You Can ‘Change The Day You Die’ By Living In A Healthy City
In Z Living’s compelling show Change The Day You Die, people living unhealthy lives connect with nutritionist Adam Carey. He helps them change the way they live, thus delaying the day they’ll die. In our series ‘You Can ‘Change The Day You Die,’ we’re highlighting health news that can help anyone live a longer, healthier life.
Want to extend your life? Surrounding yourself with the fittest, healthiest Americans could help.
The Healthiest Cities In The US:
For the third consecutive year, Washington, D.C. is considered the fittest city in the United States by the American Fitness Index (AFI). These findings are correlated with a number of regionally specific perks in the D.C. area, such as a whopping 96.3 percent of the population living within a 10-minute walk of a park.
Minneapolis, Minnesota came in second this year, which should come as no surprise for those who follow the AFI’s findings. D.C. and Minneapolis have dominated the list for years. Minneapolis and Denver, Colorado (which holds the #3 spot), both boast populations with convenient access to loads of parks and workout facilities. Additionally, walkability is one of the main factors that correlates with the health of a region.
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The Least Healthy Cities In The US:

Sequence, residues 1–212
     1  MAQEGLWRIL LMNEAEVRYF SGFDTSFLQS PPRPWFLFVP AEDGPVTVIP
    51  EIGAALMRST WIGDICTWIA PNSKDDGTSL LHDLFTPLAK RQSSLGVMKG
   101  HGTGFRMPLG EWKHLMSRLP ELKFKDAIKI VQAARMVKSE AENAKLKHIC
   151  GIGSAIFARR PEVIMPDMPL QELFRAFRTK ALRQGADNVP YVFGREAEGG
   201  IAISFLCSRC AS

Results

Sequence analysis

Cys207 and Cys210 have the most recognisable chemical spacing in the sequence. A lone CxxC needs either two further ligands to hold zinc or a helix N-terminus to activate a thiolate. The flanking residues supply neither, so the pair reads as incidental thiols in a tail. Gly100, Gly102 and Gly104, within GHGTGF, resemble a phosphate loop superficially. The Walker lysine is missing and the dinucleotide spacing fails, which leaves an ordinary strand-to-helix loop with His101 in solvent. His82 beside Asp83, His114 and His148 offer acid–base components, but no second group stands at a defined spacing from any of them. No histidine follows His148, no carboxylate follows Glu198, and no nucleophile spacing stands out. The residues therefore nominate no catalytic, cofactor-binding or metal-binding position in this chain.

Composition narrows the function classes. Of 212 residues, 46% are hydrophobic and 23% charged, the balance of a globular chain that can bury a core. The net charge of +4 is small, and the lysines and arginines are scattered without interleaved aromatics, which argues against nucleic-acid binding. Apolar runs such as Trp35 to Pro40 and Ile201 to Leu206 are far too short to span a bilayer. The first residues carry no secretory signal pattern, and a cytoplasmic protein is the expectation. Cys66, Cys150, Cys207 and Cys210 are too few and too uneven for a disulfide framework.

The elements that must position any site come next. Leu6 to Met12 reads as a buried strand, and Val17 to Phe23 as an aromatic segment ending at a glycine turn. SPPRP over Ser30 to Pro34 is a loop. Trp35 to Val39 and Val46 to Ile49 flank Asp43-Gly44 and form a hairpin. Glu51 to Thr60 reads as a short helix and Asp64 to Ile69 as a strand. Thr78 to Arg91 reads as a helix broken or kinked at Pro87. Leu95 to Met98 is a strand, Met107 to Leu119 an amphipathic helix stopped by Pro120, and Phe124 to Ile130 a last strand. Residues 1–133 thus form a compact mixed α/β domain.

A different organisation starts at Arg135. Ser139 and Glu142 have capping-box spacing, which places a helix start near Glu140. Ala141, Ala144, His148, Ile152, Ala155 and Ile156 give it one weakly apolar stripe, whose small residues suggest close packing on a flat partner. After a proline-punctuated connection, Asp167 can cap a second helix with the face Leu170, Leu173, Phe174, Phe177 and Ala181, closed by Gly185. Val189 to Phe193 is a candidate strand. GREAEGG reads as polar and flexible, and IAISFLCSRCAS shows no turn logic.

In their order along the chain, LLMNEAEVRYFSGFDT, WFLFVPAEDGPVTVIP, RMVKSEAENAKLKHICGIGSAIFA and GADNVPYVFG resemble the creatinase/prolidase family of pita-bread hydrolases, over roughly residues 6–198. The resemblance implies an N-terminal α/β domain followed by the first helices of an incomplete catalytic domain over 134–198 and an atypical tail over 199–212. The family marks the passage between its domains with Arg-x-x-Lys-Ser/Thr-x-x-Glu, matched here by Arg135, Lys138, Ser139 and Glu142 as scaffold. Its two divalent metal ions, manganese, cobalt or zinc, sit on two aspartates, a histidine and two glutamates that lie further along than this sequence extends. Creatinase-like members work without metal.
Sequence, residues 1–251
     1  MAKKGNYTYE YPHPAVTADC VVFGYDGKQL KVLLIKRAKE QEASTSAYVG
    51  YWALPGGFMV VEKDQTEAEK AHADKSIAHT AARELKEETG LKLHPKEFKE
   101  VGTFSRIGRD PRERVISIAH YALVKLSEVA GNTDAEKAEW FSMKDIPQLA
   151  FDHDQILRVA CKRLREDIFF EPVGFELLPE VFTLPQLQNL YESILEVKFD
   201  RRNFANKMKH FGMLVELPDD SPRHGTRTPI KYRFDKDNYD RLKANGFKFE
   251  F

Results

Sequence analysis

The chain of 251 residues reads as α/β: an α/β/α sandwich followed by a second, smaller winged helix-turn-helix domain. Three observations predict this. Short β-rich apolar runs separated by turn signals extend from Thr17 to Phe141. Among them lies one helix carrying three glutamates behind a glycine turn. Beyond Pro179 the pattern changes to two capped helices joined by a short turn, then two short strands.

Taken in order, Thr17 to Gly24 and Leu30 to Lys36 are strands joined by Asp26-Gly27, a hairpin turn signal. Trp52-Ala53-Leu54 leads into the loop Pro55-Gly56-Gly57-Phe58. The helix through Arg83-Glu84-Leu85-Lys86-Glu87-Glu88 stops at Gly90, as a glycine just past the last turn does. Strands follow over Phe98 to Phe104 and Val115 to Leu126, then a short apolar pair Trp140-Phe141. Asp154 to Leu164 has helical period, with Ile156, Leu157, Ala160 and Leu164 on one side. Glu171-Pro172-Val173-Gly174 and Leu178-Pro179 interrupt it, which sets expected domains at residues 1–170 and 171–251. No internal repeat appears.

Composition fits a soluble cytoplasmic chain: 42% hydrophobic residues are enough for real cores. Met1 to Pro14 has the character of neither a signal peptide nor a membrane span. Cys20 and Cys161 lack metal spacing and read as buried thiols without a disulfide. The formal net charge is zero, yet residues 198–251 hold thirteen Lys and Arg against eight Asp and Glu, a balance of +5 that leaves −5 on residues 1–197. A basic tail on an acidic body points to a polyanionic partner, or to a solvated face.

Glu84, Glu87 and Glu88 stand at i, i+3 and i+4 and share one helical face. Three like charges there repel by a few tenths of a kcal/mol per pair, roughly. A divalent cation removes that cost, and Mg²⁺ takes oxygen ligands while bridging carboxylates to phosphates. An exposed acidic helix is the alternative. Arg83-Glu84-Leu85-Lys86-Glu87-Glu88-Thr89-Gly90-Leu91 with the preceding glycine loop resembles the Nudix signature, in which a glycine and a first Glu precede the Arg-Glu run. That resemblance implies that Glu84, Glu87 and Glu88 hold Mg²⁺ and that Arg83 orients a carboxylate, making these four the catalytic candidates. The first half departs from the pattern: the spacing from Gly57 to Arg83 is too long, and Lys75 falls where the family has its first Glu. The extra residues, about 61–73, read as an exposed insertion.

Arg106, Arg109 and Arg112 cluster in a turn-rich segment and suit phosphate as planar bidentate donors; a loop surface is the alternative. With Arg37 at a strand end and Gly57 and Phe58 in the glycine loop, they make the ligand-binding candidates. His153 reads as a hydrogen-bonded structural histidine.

Las Vegas held the 31st spot on the list last year; this year, Sin City slid down to #41. Why? It’s city limits include a high population of individuals suffering from obesity-related disorders such as cardiovascular disease and diabetes.
Indianapolis, Indiana is the least healthy city. “They have a fairly high percentage of the population that is obese, 33 percent,” explains Walter R. Thompson, chair of the AFI advisory board. “Park expenditures [what the city spends on its parks] is just $24 per resident, and only 32 percent of the population lives within a 10-minute walk of a park.”
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And Health Trends Overall? Positive!
Additionally, the survey did uncover positive trends nationwide — 76.8 percent of Americans reported exercising within the past 30 days, which is up from 68.7 percent in 2015.
“That’s a huge increase,” states Thompson. “Usually, we will see a one or two percent increase.”
Further upswings in national health found by the AFI include: a 4.7 percent decrease in people who smoked; a 7.4 percent drop in diabetes death rate; and a 5.2 percent increase per resident spending on parks.
All of these findings point towards a fantastic trend of Americans adopting a healthier lifestyle. Are you one of them?
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